Liverpool dockworkers back strike action

Union members at the Port of Liverpool have voted in favour of strike action for a pay increase.

Trade union Unite reported 88% turnout and 99% support for industrial action from those who voted among more than 500 of its members working in the Liverpool port, which will therefore see the union reject a 7% pay offer.

Unite national coordinator Steven Gerrard called on port operator MDHC, which is part of Peel Ports, to “come back with a deal that meets our members expectations”, adding that “the responsibility for Liverpool container docks grinding to a halt will lie firmly with MDHC”.

Liverpool handles more than 75,000 Teu and more than 60 vessels each month.

The union has not yet set a date for the potential strike at Liverpool, instead reported that a second strike authorization vote was commencing.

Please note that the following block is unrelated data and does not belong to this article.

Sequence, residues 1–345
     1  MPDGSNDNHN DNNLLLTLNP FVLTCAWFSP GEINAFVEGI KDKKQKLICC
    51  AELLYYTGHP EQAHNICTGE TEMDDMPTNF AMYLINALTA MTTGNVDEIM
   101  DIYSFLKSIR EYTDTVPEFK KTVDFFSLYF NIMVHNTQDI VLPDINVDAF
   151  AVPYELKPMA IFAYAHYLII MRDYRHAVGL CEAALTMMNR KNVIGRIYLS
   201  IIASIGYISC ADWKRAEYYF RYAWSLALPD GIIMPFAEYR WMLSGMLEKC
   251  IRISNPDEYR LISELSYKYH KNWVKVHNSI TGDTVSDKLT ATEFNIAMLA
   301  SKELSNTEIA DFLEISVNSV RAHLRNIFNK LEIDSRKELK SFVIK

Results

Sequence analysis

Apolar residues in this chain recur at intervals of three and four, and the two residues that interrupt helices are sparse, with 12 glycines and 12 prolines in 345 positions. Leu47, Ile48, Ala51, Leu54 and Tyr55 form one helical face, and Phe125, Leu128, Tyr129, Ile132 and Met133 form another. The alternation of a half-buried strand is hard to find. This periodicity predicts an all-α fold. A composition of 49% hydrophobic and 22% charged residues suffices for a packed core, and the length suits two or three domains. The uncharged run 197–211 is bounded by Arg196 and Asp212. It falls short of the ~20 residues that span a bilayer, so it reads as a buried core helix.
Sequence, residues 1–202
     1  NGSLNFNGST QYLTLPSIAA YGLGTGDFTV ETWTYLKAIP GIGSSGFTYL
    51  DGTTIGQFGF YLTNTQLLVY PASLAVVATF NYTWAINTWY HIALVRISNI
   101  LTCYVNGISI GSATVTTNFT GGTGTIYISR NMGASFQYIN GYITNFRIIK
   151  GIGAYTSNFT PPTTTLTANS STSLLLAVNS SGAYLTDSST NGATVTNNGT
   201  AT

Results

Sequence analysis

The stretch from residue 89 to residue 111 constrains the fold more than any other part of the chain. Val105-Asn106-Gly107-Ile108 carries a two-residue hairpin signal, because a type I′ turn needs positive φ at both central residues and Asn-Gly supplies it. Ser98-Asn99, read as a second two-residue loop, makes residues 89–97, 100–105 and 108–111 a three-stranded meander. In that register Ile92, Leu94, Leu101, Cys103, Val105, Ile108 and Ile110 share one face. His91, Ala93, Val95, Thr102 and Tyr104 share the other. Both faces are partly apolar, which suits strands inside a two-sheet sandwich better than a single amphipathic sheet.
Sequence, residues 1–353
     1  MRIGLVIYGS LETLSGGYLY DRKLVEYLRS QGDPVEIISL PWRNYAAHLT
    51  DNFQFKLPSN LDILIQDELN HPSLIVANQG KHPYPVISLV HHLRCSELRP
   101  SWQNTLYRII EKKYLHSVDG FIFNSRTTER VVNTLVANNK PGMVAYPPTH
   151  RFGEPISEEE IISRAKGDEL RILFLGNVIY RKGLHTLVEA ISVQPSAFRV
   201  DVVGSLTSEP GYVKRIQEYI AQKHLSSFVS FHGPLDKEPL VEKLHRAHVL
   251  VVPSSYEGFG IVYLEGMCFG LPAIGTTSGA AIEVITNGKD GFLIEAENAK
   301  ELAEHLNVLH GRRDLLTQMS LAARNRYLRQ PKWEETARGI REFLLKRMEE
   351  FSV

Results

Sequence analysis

A voting among 60 maintenance engineers who also are employed by MDHC could see them strike over the same pay offer. That ballot closes on August 24th.

Unite has rejected a similar 7% wage increase along with a lump sum payment proposed by the Port of Felixstowe. As with Liverpool, they called the offer inadequate and refused to continue talks after the mediation efforts failed a week ago. Unite has scheduled an eight-day strike at Felixstowe that is due to begin on August 21st.

Denmark-based shipping company Maersk advised customers that it intended to try and reroute vessels either in the ports before the strike or hold traffic until labour was available at the port.

In a just-released analysis, UK’s Russell Group has warned that the proposed strike at the port of Felixstowe could result in over $800m in trade being disrupted. Clothing ($82.8m) and electronic components ($32.3m) would be the commodities that would be most impacted by the strike.  The analysis was based on previous trade flows at Felixstowe in this August period. 

Suki Basi, Russell Group MD said that “the disruption at Felixstowe spells more uncertainty for businesses, consumers and governments alike. Ports across the globe are facing congestion, due to a large backlog caused by the pandemic.